Author: Courtney Summers
Publisher: St. Martin's Griffin
Publication Date: June 19, 2012
Links: Amazon | Goodreads
It’s the end of the world. Six students have taken cover in Cortege High but shelter is little comfort when the dead outside won’t stop pounding on the doors. One bite is all it takes to kill a person and bring them back as a monstrous version of their former self.
To Sloane Price, that doesn’t sound so bad. Six months ago, her world collapsed and since then, she’s failed to find a reason to keep going. Now seems like the perfect time to give up. As Sloane eagerly waits for the barricades to fall, she’s forced to witness the apocalypse through the eyes of five people who actually want to live.
But as the days crawl by, the motivations for survival change in startling ways and soon the group’s fate is determined less and less by what’s happening outside and more and more by the unpredictable and violent bids for life—and death—inside.
When everything is gone, what do you hold on to?
Sloane is not a character that makes me adore her because she's so [insert adjective for something awesome like nice/funny/smart/strong/snarky here]. But she is very real, and I like that about her. She's not looking for a reason to live. She's looking for a way to die that won't jeopardize the lives of her zombie apocalypse companions. She has to make a lot of decisions, some admirable and some not so much. She's in a world where holding on to your values will get you and the people you care about killed. There are times when it comes down to deciding who one cares more about, who is valuable, who is a liability. Some of it is split-second decision, but some of it is calculated. Everyone in this story has some amount of horrible in them that is brought out when situations become life or death. All of these characters are simultaneously terrible and decent. They all say and do things that they'd probably never say or do in a normal situation. They're selfish. They're self-preserving. They've had to make tough choices, sometimes at the expense of others, in order to keep themselves alive. The precedent for this line of decision making is set even before the zombies show up, via Sloane's sister. But when it's life or death, is that not understandable? These characters, dwelling in their gray areas, captivated me with their harshness.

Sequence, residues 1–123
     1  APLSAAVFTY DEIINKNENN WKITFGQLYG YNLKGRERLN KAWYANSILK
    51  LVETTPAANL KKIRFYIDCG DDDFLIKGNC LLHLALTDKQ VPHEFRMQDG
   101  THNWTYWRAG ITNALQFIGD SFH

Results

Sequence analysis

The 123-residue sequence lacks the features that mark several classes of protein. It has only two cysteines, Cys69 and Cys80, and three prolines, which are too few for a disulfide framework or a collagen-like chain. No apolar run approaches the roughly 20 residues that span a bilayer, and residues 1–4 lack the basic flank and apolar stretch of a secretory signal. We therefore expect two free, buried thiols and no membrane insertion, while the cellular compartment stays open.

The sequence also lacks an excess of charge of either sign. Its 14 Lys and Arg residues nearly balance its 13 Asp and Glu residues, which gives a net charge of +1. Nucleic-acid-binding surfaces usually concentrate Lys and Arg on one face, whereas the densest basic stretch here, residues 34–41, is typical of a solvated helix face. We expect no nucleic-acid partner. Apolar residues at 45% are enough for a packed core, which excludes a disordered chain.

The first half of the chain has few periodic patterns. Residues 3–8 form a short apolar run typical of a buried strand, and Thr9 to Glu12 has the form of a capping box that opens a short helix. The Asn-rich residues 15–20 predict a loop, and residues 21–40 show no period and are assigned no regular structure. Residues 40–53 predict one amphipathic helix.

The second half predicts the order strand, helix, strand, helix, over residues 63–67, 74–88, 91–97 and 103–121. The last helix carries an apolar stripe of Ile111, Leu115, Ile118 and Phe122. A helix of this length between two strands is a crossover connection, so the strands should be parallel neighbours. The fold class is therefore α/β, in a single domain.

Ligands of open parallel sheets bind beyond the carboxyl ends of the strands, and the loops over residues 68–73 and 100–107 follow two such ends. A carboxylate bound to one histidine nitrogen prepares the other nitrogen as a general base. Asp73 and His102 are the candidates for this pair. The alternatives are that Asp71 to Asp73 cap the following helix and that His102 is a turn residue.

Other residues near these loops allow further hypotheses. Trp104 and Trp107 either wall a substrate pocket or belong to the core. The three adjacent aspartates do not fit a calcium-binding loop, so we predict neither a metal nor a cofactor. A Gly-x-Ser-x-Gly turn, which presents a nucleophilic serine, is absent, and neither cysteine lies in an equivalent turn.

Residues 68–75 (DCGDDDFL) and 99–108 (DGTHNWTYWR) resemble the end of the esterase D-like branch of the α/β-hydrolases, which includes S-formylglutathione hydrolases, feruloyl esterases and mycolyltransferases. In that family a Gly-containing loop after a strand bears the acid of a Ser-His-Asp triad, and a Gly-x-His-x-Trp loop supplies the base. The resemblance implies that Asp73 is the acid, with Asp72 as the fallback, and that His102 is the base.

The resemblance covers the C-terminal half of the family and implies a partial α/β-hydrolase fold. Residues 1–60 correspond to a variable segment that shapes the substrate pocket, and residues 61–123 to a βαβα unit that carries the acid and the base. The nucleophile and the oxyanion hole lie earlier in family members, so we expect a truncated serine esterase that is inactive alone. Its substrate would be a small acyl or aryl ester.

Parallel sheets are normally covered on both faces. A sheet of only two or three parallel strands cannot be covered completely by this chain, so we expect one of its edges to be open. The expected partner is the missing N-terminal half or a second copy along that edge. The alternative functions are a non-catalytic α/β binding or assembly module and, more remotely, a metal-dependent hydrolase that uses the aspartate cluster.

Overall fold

The pacing is not as quick as one would expect a book with zombies to be. The characters are barricaded in a school for the majority of the story, and there just isn't much to do. It involves a lot of reflection, a few scary situations, and a lot of arguing and slinging blame and accusations and confessions. But it was still a really quick read, because I became so engrossed in the human nature of it all. The ending, I'll admit, is something that might bother me in another type of book, but for this one it felt like the perfect place to end the story, and I liked it.
I really, really adored this book, and the only reason I docked it a half star is because I would've liked just a little bit more presence where the zombies were concerned. I'd recommend it to fans of Courtney Summers and gritty contemporary fiction. If you're in it for the zombies, you might be disappointed at the lack of face-biting. But, if you can appreciate the more psychological parts of a zombie apocalypse, then you would probably still enjoy this book a great deal.